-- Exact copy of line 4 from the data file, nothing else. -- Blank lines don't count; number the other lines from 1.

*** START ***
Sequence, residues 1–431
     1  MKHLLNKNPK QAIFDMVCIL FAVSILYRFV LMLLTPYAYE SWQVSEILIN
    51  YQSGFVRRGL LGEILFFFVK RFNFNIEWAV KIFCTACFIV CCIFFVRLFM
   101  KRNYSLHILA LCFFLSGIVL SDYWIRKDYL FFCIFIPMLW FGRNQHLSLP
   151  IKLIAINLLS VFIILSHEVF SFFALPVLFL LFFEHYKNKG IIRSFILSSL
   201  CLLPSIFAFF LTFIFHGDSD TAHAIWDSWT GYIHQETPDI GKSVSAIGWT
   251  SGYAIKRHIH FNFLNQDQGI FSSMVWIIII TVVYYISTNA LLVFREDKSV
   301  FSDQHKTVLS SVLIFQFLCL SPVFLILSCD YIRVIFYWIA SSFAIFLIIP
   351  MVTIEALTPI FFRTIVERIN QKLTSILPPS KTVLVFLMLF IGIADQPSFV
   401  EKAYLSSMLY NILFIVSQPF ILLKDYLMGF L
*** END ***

   101  KRNYSLHILA LCFFLSGIVL SDYWIRKDYL FFCIFIPMLW FGRNQHLSLP